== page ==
Chapter 4, "Life" is sadly just ten pages long. This is the chapter that covers the calendar, holidays and festivals, languages, weather and climate, and distinctive flora and fauna, among other subjects. There are some nice samples of things that make Golarion distinctive, but it would be good to someday have an "Inner Sea Almanac" that expanded on the little things that don't seem exciting but help add a major degree of verisimilitude to the setting.

Chapter 5, "Factions" (14 pages) provides a two-page introduction to five different organisations: the Aspis Consortium (an unprincipled group of colonialists & merchants), the Eagle Knights (anti-slavery freedom-fighters), the Hellknights (extremely strict "law and order" types), the Pathfinder Society (explorers and treasure-hunters), and the Red Mantis (assassins). Several lesser groups also get a one-paragraph overview. Overall, the chapter again serves nicely as a brief introduction, though more detailed information on each of the groups is available elsewhere.

Chapter 6, "Adventuring" (30 pages) is for the players. It starts with suggestions on where in the Inner Sea various classes might hail from. It then introduces four new prestige classes: the Harrower (a cool fortune-teller with an interesting suite of special abilities), the Hellknight (an armored juggernaut), the Low Templar (a sort of cowardly knight; it's hard to envision this one appealing widely), and the Red Mantis Assassin (maybe more for GMs than players, but with some eye-raising abilities). The chapter introduces several new feats; most of them are forgettable but a couple (like Rapid Reload and Fey Foundling) have become crucial to some builds and are, frankly, probably overpowered. The chapter provides updated rules for several pieces of equipment introduced in earlier adventure paths, including goblin weapons like dogslicers, Shoanti weapons like the Earth breaker, and more. It also briefly covers firearms, which are suitably rare and problematic (until someone plays a Gunslinger). Finally, there are some new spells (the most famous of which is infernal healing) and magic items (many of which are essential to parts of the campaign setting, like the final blades for Galt, the sun orchid elixir for Thuvia, and wardstones for the Worldwound). On the whole, I don't think buying the book purely for the "crunch" would be a good idea; the material in this chapter is only a supplement to what's essentially a "flavour/fluff" book.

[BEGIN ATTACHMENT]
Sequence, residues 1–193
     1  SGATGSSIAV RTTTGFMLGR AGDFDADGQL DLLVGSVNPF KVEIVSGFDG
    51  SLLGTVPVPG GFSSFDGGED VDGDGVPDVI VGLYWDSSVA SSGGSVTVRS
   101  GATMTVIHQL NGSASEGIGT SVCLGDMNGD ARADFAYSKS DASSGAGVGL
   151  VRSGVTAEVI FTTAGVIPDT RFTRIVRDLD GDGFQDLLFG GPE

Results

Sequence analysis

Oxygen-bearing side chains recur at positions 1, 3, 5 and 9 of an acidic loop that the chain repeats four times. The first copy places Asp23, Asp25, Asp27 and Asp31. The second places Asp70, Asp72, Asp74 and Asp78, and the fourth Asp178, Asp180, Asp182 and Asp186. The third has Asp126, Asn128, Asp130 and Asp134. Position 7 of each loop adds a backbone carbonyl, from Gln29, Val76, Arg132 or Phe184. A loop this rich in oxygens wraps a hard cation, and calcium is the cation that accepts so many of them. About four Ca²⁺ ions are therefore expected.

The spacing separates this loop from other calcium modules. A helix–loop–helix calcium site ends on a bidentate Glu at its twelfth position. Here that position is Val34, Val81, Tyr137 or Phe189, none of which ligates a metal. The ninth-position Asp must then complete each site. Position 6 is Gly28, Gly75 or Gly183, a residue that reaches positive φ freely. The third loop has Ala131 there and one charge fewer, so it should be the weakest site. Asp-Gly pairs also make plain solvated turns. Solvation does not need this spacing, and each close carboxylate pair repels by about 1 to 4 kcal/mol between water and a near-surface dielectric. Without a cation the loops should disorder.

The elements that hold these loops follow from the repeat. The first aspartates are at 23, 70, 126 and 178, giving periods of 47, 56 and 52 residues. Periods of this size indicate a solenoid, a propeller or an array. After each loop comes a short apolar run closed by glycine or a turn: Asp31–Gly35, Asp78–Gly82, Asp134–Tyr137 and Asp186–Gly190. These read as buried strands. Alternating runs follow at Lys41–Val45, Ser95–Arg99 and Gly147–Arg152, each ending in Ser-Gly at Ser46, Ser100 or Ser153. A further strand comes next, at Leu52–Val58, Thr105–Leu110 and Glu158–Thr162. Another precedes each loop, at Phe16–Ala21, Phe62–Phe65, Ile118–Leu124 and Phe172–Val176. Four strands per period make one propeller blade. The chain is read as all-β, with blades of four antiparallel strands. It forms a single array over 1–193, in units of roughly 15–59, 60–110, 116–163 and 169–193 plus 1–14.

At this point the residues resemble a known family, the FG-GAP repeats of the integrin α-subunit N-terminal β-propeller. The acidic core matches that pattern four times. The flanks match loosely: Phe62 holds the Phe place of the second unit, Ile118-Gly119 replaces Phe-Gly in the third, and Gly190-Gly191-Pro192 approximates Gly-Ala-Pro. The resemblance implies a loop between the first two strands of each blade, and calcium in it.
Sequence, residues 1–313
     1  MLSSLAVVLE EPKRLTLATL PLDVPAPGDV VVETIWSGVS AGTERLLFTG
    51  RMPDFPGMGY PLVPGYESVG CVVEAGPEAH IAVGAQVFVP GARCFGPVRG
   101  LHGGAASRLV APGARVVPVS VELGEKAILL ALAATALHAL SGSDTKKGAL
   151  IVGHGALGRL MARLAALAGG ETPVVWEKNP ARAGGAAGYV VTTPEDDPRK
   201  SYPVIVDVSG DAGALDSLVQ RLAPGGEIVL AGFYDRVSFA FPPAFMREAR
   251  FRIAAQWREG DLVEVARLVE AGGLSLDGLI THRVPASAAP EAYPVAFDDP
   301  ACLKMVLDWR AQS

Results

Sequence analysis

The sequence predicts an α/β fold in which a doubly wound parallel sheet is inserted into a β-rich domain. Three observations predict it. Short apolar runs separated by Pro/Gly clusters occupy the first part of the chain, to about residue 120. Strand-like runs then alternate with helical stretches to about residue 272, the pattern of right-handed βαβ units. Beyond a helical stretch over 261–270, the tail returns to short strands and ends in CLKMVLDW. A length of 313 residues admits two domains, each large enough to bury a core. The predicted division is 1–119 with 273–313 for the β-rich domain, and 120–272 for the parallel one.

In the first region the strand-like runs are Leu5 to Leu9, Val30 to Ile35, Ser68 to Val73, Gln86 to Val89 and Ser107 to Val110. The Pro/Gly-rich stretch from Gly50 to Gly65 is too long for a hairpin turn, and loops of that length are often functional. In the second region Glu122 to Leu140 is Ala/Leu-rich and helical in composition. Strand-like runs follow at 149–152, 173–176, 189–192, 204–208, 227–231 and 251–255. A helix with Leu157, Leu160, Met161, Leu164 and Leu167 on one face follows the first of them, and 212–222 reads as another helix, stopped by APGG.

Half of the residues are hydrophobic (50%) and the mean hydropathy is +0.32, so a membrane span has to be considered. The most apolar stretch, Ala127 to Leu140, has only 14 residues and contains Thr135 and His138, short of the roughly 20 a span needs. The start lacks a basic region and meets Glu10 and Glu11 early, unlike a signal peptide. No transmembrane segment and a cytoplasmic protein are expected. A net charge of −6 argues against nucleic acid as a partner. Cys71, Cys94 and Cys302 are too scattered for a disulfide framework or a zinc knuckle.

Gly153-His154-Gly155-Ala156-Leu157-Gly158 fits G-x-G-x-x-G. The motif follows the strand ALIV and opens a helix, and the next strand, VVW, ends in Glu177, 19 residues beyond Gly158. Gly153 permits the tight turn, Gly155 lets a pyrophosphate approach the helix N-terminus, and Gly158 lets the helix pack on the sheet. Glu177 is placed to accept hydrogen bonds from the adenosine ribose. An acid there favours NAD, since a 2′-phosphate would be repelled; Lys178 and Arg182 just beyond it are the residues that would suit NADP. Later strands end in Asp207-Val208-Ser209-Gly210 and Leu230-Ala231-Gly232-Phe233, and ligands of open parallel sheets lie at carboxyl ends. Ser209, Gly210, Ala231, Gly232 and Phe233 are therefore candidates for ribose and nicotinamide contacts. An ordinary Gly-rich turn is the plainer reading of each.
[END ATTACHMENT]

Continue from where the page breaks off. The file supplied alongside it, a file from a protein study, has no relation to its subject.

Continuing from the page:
Chapter 7, "Monsters" (14 pages) starts off with a nice overview of the role that various traditional groups of monsters (like dragons, trolls, ogres, etc.) play in Golarion. It then goes on to introduce seven new monsters, each with a 1-page Bestiary-style entry. Potential players will be interested to see that two of them, Gillmen and Strix, are given rules to make them playable races. Rise of the Runelords GMs may be interested to see full stats for the Sandpoint Devil.

As I write this review, Pathfinder Second Edition is on the horizon and Paizo has said they plan to update the official setting with the "results" of all previous adventure paths. For now, however, the Inner Sea World Guide is the best one-stop resource to get started on anything involving the Inner Sea. Lots of books have more on a single given topic, but no book has so much on so many different topics when it comes to the Inner Sea.


Incredible Product

5/5

So I had a few new players starting a session zero, but after making characters, they wanted to jump in to a game. I had nothing prepared because we were deciding what type of game we were going to play. After thirty minutes and this book, I had a strong beginning to a campaign. Every location, government and current events in this book is PERFECT for a campaign. So many starting points and storyline openings. Rich with interesting information and plot hooks. Easy five star and beautiful map. Thanks paizo